The A-List


Compiled by Sarah Norris



Daphne Uviller

Super in the City

For Part Two of the Neighborhood Preservation Center’s “Women Authors of Greenwich Village” series, Daphne Uviller will read from and discuss her debut novel, Super in the City, a comic mystery based on her experiences as the super of her family’s brownstone. The book is a love letter to the city, and Uviller is besotted. Publisher’s Weekly praised it as “…gleefully unpretentious… undoubtedly smarter and funnier than most other girls-in-the-city novels,” while Elizabeth Gilbert, author of Eat, Pray, Love said, “One should not simply read Super in the City; one should gobble it up like candy — intelligent candy.” Wed., Feb. 4 from 6:30-8 p.m. Free but reservations required. Jefferson Market Library. 425 Avenue of the Americas. RSVP to rsvp@gvshp.org or 212- 475-9585 ext. 35

FTA & Jane Fonda

“FTA” (1972), the Vietnam War-era documentary, will have a rare screening with cast member Jane Fonda in person. Following the film, she will talk about her work in the controversial antiwar touring show “FTA” documents “the show the Pentagon couldn’t stop.” The revue, whose letters were said to stand both for Free Theater Associates and also Free (or, at times, another f-word) The Army, brought antiwar entertainment to military personnel at the height of Vietnam. Performers like Fonda, Donald Sutherland and Holly Near toured towns near military bases around the US and overseas, lending their support to troops who opposed the war. Mon., Feb. 2 at 7 p.m. $15. IFC Center. 323 Avenue of the Americas (at W. 3rd St.) 212 924-7771, ifccenter.com.


Courtesy palemale.com

Pale Male, the red-tailed hawk famous for nesting on Fifth Avenue.

Imbolc Fire and Falcon Naming Ceremony

On wings of ice Imbolc comes Emulc, or “Ewe’s Milk,” the time when sheep began to lactate in the dead of winter, halfway between Solstice and Equinox….So come ye, and nurse on the spirit of the season! And for a double dose of festive revelry: Help us name the East Village falcon, grandson of Pale Male who’s been seen daily at Tompkins Square. Let him be called Chico in honor of the bulldozed garden, Chico Mendes Mural Garden, which in turn was named in honor of Chico Mendes, the great Rainforest martyr. Hosted by Dias y Flores Community Garden. Light a taper for Candlemas and spin around for Ground Hog’s Day! Sun., Feb. 1 from 2-6 p.m. Free. 520 East 13th St. (btwn Aves. A & B).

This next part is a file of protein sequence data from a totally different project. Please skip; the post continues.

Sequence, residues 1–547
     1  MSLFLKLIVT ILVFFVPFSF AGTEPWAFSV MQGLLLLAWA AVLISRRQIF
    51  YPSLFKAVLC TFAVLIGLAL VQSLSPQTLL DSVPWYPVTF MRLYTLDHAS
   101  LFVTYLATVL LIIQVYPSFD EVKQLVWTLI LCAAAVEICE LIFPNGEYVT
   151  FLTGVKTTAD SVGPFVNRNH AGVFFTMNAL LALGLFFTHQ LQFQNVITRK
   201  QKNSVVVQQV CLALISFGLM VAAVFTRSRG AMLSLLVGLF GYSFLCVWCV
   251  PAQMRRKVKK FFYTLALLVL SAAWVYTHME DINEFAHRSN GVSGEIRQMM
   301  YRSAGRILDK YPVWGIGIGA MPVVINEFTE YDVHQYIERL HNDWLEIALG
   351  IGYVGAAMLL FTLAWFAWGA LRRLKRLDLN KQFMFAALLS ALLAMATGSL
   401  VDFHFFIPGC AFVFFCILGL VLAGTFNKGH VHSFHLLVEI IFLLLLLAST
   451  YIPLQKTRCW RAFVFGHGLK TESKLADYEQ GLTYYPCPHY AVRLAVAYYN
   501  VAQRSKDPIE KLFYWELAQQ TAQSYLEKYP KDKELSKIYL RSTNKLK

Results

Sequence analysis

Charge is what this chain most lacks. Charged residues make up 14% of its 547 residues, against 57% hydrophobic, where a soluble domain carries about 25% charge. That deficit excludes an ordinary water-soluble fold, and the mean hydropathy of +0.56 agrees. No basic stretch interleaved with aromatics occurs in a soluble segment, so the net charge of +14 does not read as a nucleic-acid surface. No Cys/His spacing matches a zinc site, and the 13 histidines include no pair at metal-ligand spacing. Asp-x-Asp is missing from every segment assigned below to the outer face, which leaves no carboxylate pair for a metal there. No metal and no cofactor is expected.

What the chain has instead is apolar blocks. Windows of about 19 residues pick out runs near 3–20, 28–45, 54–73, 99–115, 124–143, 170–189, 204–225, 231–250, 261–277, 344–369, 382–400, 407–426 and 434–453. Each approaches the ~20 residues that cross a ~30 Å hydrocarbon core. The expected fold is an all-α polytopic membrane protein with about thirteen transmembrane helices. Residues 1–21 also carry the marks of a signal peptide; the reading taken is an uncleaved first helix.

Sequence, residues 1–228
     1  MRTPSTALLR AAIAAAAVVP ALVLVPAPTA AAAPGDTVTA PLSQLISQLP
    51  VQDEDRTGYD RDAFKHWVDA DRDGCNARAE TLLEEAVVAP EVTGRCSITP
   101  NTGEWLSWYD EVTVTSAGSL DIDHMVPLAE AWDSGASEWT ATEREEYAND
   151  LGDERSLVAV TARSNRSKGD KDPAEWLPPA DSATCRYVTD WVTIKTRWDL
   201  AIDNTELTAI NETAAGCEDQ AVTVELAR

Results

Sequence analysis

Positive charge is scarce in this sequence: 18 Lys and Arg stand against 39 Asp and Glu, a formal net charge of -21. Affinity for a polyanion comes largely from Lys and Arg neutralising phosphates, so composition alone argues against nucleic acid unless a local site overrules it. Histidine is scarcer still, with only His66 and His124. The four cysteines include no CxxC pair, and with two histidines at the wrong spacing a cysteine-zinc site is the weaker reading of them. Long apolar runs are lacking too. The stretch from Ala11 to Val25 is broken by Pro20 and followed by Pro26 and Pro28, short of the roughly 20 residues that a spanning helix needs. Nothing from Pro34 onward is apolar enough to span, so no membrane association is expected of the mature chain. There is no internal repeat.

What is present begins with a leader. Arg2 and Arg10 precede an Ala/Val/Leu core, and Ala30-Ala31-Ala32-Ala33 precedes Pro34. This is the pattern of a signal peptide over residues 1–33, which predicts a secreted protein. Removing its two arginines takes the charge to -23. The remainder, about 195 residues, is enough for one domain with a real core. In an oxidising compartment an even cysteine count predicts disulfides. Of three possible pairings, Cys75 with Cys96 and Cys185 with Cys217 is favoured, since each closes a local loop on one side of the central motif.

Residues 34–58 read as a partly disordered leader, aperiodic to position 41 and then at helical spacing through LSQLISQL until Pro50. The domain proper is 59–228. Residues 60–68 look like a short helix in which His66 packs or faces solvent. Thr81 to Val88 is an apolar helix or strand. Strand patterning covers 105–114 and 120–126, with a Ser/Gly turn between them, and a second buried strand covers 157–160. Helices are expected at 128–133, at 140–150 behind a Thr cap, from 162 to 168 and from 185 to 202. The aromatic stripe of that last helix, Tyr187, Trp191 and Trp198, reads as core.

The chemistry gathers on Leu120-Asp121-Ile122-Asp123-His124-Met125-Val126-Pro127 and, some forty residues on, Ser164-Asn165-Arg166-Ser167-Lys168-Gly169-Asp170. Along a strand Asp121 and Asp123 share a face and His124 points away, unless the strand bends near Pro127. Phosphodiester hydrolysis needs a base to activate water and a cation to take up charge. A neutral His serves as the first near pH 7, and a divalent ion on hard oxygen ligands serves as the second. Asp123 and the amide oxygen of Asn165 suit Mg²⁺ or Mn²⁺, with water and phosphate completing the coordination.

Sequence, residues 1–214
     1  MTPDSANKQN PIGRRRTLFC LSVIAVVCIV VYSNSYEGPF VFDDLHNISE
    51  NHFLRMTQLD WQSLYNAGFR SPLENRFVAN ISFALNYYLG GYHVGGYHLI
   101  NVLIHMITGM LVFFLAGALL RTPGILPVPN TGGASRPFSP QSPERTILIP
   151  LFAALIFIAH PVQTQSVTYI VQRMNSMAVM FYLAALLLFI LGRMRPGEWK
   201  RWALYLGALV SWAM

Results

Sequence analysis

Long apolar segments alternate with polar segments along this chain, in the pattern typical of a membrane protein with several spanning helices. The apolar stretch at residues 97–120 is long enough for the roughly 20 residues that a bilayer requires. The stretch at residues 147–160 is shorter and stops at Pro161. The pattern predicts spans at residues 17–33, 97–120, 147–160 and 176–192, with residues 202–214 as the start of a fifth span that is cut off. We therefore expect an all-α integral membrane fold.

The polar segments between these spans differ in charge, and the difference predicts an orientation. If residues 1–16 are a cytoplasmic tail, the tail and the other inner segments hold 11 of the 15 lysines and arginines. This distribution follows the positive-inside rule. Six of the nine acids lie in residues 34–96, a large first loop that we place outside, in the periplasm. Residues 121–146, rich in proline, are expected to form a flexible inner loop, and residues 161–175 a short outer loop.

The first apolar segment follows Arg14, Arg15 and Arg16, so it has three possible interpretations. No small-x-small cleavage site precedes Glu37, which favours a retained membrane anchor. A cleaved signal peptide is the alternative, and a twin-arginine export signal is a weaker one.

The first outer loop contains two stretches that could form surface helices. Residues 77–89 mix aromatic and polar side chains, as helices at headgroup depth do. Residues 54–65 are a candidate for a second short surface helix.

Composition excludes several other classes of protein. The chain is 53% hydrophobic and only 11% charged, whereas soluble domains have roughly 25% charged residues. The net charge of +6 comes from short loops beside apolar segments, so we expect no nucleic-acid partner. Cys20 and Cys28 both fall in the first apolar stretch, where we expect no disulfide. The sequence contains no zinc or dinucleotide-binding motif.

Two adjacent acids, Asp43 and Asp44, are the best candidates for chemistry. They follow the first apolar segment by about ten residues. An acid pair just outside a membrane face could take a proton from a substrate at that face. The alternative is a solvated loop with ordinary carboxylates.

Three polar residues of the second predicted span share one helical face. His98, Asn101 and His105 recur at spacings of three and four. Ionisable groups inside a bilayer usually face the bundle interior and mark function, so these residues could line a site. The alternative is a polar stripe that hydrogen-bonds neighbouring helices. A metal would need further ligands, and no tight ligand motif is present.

The Third Story

The now story by playwright Charles Busch, most famous for penning “Vampire Lesbians of Sodom,” features a mother and son screenwriting team fleeing Communist-obsessed 1940s Hollywood for Omaha. Smoky-voiced Kathleen Turner co-stars with Busch, as the multi-layered plot gets stranger and stranger, unfolding like a Chinese ladder. A princess shows up to make a deal with a witch. And the first lady of the mob teams up with a wildly unsuccessful cloning scientist. It’s like a comedy, fairy tale and sci-fi novel rolled into one two-hour show. Opens Mon., Feb. 2. MCC Theater at the Lucille Lortel Theatre. 121 Christopher St. (btwn Bleecker & Hudson). 212-279-4200, mcctheater.org.


©Richard Finkelstein

Garden of Earthly Delights

Martha Clarke’s “Garden of Earthly Delights,” extended through March, is an astounding dance-theater piece derived from Hieronymus Bosch’s apocalyptic triptych (circa 1505) of sexual innocence and carnal brutality. Reviewing it last December, Jerry Tallmer wrote that the show “gives Bosch’s grotesque imagery three-dimensional motion and beauty and terror and time and space and gritty humor, all wrapped into one by a company of 11 incredibly agile (not to say gorgeous) dancers and three musicians, to an exquisitely eerie score (winds, cello, concussion) by Richard Peaslee.” This is an unforgettable, extraordinary display of creativity, executed beautifully. Don’t miss it. Through March. Minetta Lane Theatre. 18 Minetta Lane. 212-307-4100, GardenOfEarthlyDelights.com.